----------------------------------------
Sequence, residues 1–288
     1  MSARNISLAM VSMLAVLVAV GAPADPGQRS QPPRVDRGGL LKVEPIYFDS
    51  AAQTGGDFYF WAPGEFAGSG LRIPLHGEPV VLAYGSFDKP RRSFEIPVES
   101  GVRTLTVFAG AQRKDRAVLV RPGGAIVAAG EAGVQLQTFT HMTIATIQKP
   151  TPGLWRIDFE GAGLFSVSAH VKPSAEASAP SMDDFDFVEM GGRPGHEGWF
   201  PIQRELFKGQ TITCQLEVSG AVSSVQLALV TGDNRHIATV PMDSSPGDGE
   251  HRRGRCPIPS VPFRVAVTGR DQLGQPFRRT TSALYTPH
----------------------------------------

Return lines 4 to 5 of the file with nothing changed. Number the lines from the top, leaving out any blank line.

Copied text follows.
   101  GVRTLTVFAG AQRKDRAVLV RPGGAIVAAG EAGVQLQTFT HMTIATIQKP
   151  TPGLWRIDFE GAGLFSVSAH VKPSAEASAP SMDDFDFVEM GGRPGHEGWF